SCOUTS - Be Prepared

Me Too!

Originally B-P. had envisaged Scouting as a movement for boys between the ages of 11 and 18. As early as 1909 Scoutmasters were facing the problem of younger brothers wanting to join in the fun. Some just turned a blind eye to the age of some of the boys, others formed Patrols and Troops of Junior or Cadet Scouts. The problem wasn't just confined to younger brothers, but also to sisters as well. In 1909 at the Crystal Palace Rally, B-P. came across a Patrol, who claimed to be Girl Scouts.

Initially B-P. was all in favour of allowing girls to become Scouts (in separate troops), but had to change his mind due to the pressures of Edwardian society. It was not considered right that young ladies should be out-and-about, camping, hiking, etc., (remember this was about the same time as the Suffragette movement). He addressed this problem by setting up the sister movement the Girl Guides in 1910, with (initially) the help of his sister, Agnes, and then with the help of his wife, Olave.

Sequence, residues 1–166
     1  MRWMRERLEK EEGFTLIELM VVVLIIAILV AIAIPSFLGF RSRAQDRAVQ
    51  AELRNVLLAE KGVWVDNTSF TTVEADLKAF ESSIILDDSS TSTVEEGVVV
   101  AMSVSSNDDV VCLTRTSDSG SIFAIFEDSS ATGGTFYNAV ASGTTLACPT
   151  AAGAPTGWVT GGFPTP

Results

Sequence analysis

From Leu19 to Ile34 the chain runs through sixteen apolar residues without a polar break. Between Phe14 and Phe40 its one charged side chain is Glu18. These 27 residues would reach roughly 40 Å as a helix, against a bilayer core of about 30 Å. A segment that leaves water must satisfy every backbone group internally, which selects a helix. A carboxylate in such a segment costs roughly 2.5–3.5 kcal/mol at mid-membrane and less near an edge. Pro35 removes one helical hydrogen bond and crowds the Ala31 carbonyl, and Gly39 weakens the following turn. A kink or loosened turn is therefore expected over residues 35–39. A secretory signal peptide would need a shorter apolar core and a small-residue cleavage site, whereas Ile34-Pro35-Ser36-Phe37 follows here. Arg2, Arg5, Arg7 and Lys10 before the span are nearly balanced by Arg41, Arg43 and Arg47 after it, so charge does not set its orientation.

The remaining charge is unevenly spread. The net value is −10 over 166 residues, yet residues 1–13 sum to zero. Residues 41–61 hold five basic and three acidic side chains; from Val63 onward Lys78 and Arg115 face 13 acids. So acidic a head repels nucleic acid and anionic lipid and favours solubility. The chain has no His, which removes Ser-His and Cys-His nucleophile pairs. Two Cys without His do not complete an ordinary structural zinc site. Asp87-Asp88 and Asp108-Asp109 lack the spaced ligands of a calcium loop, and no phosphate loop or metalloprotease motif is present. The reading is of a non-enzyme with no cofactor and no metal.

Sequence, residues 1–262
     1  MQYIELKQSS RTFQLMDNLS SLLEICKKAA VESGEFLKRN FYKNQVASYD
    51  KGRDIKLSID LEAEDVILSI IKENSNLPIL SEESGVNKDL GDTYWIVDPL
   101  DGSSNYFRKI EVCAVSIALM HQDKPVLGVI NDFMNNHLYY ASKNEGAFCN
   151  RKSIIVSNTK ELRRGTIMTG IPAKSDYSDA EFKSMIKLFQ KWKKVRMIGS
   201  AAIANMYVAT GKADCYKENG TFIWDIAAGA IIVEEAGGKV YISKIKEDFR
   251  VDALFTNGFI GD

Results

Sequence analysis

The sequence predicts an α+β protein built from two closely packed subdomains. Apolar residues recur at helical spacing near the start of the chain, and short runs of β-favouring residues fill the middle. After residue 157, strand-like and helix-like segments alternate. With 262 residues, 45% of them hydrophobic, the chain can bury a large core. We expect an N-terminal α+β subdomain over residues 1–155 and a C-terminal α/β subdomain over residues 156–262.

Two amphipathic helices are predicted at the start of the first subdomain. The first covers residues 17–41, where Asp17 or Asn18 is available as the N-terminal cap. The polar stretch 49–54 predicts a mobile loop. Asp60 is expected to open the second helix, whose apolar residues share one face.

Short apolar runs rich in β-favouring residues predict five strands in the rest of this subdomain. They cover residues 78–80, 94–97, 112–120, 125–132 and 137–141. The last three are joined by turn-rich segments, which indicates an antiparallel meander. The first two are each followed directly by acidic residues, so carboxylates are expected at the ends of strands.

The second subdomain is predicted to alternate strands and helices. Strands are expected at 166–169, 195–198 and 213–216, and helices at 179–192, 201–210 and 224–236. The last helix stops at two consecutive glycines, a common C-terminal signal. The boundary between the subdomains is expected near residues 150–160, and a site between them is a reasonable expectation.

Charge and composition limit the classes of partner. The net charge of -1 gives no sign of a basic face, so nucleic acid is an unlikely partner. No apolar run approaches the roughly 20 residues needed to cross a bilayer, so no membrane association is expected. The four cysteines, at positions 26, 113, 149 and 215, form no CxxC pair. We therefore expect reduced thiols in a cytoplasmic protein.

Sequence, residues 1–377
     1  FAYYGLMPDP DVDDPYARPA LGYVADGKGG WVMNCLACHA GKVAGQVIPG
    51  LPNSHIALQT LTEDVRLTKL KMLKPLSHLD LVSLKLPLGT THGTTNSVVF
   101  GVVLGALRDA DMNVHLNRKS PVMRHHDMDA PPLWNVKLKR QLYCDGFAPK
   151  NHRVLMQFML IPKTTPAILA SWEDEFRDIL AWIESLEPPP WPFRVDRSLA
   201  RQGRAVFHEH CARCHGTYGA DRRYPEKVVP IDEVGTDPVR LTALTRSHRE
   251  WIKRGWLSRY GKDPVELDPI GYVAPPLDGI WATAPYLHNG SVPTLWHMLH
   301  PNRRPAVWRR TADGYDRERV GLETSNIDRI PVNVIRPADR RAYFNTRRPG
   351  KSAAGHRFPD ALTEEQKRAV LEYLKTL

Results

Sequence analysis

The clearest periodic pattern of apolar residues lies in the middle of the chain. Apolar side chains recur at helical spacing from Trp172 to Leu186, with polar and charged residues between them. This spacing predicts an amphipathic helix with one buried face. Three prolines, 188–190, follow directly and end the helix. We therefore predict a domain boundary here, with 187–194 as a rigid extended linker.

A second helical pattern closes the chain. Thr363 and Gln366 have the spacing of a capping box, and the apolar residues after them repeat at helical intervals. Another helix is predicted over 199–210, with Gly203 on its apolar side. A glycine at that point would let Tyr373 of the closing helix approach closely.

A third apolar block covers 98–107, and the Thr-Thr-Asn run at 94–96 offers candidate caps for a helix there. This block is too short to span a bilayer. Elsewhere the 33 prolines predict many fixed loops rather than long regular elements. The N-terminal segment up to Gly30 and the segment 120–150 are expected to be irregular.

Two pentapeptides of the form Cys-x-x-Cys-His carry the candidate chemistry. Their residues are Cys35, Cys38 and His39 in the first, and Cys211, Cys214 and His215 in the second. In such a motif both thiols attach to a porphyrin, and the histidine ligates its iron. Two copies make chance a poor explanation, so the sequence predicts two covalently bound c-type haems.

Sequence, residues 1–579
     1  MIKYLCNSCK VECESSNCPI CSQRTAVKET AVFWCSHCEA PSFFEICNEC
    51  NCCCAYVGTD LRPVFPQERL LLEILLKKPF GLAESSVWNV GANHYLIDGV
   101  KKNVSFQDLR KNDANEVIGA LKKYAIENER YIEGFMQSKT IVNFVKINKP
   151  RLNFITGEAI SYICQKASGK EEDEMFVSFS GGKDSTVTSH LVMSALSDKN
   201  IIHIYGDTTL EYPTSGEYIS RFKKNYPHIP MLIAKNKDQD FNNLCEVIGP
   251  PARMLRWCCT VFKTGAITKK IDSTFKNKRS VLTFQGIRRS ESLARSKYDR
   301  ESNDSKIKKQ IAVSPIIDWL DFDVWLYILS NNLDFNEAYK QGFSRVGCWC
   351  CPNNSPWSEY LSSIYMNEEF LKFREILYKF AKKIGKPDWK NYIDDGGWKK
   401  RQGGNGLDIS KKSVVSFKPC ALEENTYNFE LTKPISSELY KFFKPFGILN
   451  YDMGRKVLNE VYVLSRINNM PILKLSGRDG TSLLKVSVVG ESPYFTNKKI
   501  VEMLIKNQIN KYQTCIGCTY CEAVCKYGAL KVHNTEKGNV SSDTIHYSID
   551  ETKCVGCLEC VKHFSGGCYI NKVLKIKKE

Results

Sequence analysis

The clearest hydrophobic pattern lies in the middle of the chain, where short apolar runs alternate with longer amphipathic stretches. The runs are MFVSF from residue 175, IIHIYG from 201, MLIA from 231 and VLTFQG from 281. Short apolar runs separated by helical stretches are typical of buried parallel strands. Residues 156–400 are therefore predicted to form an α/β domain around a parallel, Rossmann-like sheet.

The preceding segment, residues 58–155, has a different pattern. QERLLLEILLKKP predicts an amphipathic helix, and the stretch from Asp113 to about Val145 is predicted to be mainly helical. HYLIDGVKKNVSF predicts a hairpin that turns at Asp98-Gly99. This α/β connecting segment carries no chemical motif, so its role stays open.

To address the problem of what to do with the younger brothers, Scouting first turned a blind eye to the unofficial Troops that were forming. In 1914, though, B-P. outlined a scheme in The Headquarters Gazette for the training of these Junior Scouts, but it was not what he really had in mind. He replaced this two years later with a new Scheme, under the title Wolf Cubs based around the Jungle Books of his close friend Rudyard Kipling, with the Cubs having their own distinct uniform, badges, motto, sign, salute, etc.

Wolf Cubs dealt with those too young to be Scouts, what was to be done with those too old to be Scouts, in 1917, just before the end of The Great War, B-P. set up a scheme for Senior Scouts, which changed its name to Rover Scouts the next year, for anyone over the age of 18, with Outdoor Adventure and Service as the mainstays of its programme.